Bihar might not have abundance of minerals to support heavy industries, but its rich reserves of water and plenitude of grains and sugar cane have resulted in ethanol or biofuel revolution in the state.
Historically, trade has flourished mostly in civilisations situated adjacent to rivers or seas from where transportation through waterways becomes easier.
With Ganga flowing along the centre of the state, Bihar was a once great centre of trade and commerce and attracted merchants and in – tellectuals from across the globe. However, the industrial economy of Bihar received a major setback after the re – organization of states and creation of Jharkhand in 2000. Most large indus – trial centres and important mineral pro – ducing districts of erstwhile Bihar were transferred to Jharkhand.
However, the agriculture-rich Bihar re – cently found a new avenue of utilising its resources by making a foray into ethanol production. Under the new ethanol policy of the government of India, Bihar has the highest number of ethanol plants. Of the 17 big plants approved in the state, two have been inau – gurated and several others are ready for commissioning over the next few months.
Chief minister Nitish Kumar had inaugurated Bihar’s first ethanol plant at Purnia on May 7, 2022. It has the capacity to produce 65,000 litres of ethanol per day.
The employment opportunity will also help stop migration of people outside Bihar,” Poundrik added. State industry minister Sameer Mahaseth said altogether 12 departments are coordinating to boost ethanol production in Bihar.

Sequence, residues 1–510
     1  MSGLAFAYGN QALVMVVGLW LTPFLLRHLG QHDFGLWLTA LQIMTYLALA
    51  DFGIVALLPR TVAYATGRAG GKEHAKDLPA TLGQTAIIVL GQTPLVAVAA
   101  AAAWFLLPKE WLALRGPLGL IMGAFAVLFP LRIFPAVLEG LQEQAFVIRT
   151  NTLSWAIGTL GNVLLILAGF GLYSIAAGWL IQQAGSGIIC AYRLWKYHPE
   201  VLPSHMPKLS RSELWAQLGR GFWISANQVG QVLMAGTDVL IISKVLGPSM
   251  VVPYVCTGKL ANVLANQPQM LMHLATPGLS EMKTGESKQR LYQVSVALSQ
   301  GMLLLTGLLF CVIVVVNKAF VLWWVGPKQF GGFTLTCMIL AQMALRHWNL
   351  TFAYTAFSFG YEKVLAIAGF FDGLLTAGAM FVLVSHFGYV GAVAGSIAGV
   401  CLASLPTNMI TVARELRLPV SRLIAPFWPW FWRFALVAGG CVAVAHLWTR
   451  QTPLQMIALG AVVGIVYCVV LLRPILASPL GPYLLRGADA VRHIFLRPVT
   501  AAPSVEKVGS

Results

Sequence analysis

“The state has huge potential in etha – nol production,” the minister said. Bihar produces 35 lakh metric tonnes of maize every year, the highest in the country.
Much of the ethanol revo – lution in the state stems from Ethanol Production Promotion Policy, 2021 launched by Bihar government in March 2021, making it the first state in the country to have its own ethanol promotion policy under National Policy of Biofuels, 2018.
The state ethanol policy has allowed extraction of ethanol from surplus quantities of maize and other starch- rich grains, which was earlier limited only to sugar cane.
“Bihar has become an ethanol hub primarily due to the National Policy of Bio – fuels, 2018 introduced by the Narendra Modi government. It allowed production of eth – anol from maize and beaten rice,” former state industry minister Syed Shahnawaz Hussain said.
The state government, however, has been demand – ing extension of quota for Bi – har to produce more ethanol.